AWS has support and examples for creating Lambda functions in Python. “pymysql” and “boto3” are Python libraries for MySQL and S3. Both are available and do not require the developer add them.

Python is deployed to Lambda as a deployment package. This is simply a zip file with your Python code and any external libraries not supported already with AWS. The trick to this is getting the python file and Lambda handler correct. I used contentHealthLambda.py and contentHealthLambdaHandler as the handler function. Below is how they are used in the Lambda configuration.

The code

Note: The code I am including in basic. Almost all of the error handling has been ignored.

Standard Python imports

import pymysql
import datetime
import boto3
from cStringIO import StringIO

The lambda handler function definition

def contentHealthLambdaHandler(event, context):

Lambda passes parameters as a Python Dictionary. I am passing in two parameters, metaData and content.

content = event['content']
metaData = event['metaData']

The meta data is patient  information.(patientNumber,patientFirstName,patientLastName,…)in a JSON format. I have left out the parsing of this as its trivial.

Make sure the parameters are included:

if 'metaData' in event and 'content' in event:
    content = event['content']
    metaData = event['metaData']
else:
    return "error"

Create an S3 resource. This is used to write or read to S3.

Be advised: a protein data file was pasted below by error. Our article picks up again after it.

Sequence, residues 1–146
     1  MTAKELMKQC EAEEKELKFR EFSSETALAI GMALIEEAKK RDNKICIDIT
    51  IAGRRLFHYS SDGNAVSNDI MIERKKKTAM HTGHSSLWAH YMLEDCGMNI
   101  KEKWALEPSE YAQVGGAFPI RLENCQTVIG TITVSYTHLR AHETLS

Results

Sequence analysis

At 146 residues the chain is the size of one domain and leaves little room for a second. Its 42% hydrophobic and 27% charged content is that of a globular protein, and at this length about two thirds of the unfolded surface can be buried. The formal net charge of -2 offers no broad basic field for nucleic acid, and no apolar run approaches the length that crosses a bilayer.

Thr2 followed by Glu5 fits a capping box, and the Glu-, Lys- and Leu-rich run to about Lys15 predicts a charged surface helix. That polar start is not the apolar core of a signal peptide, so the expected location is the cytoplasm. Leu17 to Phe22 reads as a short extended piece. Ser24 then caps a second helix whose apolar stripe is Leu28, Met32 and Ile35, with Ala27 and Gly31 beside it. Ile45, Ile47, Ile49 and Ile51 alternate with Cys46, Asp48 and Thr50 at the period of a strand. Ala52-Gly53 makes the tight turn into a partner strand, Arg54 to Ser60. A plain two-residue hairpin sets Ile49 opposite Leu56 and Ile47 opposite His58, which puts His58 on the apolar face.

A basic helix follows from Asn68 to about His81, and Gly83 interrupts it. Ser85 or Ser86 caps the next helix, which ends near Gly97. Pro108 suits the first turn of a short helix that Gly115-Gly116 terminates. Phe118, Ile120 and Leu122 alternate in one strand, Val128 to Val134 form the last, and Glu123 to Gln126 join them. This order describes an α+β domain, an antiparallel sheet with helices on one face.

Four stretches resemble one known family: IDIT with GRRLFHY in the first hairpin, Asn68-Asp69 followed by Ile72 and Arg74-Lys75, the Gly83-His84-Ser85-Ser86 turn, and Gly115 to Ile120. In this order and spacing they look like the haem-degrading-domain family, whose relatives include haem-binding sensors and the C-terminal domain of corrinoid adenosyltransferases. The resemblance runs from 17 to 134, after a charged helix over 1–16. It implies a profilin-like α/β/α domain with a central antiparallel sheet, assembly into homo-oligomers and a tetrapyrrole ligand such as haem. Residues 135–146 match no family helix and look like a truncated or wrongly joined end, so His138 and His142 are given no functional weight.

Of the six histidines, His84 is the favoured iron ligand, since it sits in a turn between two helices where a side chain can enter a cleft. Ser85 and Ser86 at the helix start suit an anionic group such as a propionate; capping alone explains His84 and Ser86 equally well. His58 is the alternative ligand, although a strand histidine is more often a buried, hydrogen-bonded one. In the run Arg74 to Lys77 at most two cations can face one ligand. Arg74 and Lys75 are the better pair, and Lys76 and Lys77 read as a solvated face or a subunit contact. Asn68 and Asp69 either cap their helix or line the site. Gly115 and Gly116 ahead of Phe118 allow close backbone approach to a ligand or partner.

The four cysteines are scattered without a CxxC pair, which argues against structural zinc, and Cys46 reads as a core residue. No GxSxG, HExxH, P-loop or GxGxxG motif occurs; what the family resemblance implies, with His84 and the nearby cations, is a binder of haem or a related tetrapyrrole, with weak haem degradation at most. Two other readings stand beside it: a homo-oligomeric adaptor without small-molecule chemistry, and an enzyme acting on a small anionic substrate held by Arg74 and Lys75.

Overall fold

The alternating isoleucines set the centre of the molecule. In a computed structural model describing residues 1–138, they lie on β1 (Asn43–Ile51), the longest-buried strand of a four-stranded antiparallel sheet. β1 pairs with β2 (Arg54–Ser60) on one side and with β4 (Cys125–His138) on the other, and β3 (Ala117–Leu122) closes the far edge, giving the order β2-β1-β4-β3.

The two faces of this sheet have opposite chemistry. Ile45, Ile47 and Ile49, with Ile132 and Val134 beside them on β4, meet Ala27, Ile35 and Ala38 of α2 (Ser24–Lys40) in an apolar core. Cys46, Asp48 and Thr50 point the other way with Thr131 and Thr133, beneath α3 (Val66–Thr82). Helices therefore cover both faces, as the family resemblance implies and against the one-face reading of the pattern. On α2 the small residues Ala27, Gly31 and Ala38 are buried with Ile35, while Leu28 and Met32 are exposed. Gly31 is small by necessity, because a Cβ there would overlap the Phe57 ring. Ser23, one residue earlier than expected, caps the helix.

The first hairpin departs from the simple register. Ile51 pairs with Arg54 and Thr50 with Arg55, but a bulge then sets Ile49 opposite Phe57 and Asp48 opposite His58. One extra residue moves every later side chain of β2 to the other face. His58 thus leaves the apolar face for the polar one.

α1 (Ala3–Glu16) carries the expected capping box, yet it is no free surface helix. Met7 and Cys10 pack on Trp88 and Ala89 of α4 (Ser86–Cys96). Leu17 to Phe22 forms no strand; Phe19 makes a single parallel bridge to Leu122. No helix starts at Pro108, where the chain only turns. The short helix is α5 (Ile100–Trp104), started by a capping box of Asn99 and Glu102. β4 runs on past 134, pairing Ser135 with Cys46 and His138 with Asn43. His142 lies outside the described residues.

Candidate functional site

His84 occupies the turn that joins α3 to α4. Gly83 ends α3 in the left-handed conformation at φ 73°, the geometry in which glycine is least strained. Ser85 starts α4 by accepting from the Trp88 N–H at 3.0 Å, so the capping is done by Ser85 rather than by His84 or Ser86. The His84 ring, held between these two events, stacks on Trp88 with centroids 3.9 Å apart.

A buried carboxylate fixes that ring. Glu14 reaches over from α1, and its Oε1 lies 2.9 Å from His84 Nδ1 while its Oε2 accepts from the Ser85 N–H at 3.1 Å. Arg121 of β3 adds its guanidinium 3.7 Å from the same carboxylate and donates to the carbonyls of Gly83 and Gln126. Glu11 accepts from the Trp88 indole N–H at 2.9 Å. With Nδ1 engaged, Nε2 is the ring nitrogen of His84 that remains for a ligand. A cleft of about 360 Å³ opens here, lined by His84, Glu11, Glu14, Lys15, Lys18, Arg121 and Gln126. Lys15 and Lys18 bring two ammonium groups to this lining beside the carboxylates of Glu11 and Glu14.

s3 = boto3.resource('s3')

Store the data to S3. In this case the bucket is fixed but it could be passed as a parameter.

target_bucket = "com.contentstore"

Create a file name.

target_file = metaData+"_md"+str(createDateTime)

#  temp_handle.read() it reads like a file handle

temp_handle = StringIO(metaData)

Create or get the  bucket

bucket = s3.Bucket(target_bucket)

Write to the bucket

result = bucket.put_object( Key=target_file, Body=temp_handle.read())

That is all there is, six lines of code(error handling is not included). Six more lines are required for storing the content to S3. I did not test with a very large file and there maybe more effort required in these cases. I have not noticed anyone talking about additional issues.

Write to the database

The connect string is familiar to anyone who has done Java database coding before.

conn = pymysql.connect(host='myurl',user='ec2user',passwd='xxxxyyy',db='mydb')